THUNDER BAY — A lawsuit filed by Resolute Forest Products against Greenpeace remains unresolved, six years after it was launched.
A Superior Court justice in Thunder Bay is managing the case which is still in the discovery stage, with no trial scheduled as yet.
In May 2013, Resolute filed a suit for defamation and economic interference, seeking $7,000,000 from Greenpeace Canada and two of its staff members.
The company alleged it had been harmed by false statements about its management practices in the Canadian boreal forest.
Greenpeace denied the allegations and charged that Resolute was out to silence its critics with a SLAPP (strategic lawsuit against public participation) lawsuit.
In discovery proceedings, parties are required to produce records that are relevant to their claims.
A lawyer involved in the case expects that, given the current pace of the proceedings and the work that still has to be done, if it does go to trial, it won't be either this year or even next year.
Resolute, in 2016, filed a similar but much larger lawsuit against Greenpeace and other defendants in the U.S. court system, based in part on Greenpeace's self-described Resolute: Forest Destroyer campaign.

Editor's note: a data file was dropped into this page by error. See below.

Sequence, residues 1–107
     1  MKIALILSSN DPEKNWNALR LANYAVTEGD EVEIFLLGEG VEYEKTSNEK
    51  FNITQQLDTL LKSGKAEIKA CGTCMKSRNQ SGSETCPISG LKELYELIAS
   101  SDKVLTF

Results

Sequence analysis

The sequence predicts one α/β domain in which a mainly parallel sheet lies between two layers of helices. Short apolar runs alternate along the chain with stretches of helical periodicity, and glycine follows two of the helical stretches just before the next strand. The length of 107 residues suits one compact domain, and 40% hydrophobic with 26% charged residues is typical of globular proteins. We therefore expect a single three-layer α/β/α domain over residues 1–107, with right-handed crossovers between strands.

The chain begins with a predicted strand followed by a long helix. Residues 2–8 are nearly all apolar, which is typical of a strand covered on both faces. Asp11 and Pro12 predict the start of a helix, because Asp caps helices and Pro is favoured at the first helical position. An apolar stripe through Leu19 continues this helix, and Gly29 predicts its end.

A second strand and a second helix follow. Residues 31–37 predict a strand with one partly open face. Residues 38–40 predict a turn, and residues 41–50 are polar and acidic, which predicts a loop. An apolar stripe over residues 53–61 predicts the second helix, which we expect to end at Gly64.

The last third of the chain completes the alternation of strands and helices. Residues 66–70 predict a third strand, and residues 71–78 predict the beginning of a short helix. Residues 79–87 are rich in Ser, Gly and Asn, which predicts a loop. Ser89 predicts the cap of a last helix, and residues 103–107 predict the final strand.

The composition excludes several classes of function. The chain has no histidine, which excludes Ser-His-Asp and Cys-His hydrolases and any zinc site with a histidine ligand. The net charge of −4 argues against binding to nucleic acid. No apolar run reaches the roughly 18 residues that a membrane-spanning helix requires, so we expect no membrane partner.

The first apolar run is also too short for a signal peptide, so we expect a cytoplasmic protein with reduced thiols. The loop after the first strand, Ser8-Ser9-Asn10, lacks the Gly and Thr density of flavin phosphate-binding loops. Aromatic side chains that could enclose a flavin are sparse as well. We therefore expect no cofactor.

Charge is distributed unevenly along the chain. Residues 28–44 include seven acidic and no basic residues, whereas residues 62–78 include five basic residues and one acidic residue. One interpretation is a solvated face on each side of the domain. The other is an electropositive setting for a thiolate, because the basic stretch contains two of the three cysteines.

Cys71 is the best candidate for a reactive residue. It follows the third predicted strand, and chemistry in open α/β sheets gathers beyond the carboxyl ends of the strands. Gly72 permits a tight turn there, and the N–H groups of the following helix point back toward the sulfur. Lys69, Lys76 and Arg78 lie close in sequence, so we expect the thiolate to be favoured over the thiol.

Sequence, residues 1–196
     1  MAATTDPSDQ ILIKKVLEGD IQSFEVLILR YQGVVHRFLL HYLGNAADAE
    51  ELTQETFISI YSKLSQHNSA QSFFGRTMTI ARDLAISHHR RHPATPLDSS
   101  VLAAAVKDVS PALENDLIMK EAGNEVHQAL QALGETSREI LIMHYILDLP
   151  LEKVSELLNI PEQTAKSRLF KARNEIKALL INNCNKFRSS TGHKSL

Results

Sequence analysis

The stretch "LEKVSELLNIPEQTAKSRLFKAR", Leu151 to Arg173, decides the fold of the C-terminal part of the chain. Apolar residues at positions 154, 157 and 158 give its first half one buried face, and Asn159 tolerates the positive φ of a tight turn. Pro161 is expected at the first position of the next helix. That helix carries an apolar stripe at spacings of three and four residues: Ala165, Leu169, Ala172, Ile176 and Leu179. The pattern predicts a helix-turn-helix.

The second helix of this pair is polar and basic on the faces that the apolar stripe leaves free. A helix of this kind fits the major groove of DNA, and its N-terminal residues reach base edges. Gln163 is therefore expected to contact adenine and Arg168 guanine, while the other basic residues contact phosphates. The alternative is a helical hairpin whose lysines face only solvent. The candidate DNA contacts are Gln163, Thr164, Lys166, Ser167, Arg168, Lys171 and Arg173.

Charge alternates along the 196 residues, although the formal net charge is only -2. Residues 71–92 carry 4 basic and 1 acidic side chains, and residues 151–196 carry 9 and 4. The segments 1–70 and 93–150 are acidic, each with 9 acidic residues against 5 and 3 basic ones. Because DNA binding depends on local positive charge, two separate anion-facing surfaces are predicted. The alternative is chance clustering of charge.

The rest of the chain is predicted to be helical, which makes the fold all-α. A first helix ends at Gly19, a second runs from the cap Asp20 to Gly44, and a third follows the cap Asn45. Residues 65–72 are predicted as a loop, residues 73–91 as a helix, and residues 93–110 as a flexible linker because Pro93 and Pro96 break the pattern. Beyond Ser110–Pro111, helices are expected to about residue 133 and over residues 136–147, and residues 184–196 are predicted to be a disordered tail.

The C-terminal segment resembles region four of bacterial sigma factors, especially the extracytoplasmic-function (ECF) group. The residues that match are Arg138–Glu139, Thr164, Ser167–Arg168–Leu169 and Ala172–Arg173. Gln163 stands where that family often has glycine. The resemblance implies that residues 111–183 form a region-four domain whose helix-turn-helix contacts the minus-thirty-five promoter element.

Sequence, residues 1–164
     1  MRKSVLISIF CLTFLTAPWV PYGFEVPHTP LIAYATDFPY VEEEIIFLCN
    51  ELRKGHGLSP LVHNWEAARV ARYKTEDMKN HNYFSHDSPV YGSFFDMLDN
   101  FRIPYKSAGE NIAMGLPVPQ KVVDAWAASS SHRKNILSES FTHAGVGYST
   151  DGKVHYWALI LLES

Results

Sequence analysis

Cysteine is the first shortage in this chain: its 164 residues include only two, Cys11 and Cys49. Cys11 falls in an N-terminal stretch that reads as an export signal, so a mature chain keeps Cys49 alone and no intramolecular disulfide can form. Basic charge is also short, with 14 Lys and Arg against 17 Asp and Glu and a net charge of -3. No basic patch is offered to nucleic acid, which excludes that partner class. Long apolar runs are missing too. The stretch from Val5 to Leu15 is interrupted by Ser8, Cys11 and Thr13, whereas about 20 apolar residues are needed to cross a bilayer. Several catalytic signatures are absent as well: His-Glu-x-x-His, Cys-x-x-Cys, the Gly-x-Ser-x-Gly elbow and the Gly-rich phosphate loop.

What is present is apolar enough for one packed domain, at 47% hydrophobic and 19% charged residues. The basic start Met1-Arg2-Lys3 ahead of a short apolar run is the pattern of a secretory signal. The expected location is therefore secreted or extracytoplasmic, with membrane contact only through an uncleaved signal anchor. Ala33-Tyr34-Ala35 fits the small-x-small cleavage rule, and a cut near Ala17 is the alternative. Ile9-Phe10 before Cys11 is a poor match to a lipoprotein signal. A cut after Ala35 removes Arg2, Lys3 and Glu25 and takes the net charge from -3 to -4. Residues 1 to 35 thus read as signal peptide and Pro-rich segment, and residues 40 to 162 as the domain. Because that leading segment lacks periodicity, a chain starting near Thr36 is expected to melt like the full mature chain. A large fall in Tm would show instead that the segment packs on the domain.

The complaint included racketeering, trademark, defamation and tortious interference claims.
Racketeering claims against the defendants were dismissed in January of this year, but a California judge allowed the defamation and unfair competition claims against Greenpeace to continue.
The environmental advocacy group said at the time "we will vigorously defend ourselves and believe we will prevail because we rely on the best available science."
When it launched the lawsuit, Resolute described the accusations against it as malicious.
"Our company strives for the highest standards of environmental stewardship, which is why the attacks on us are so obviously cynical and thoroughly irresponsible," it said in a statement.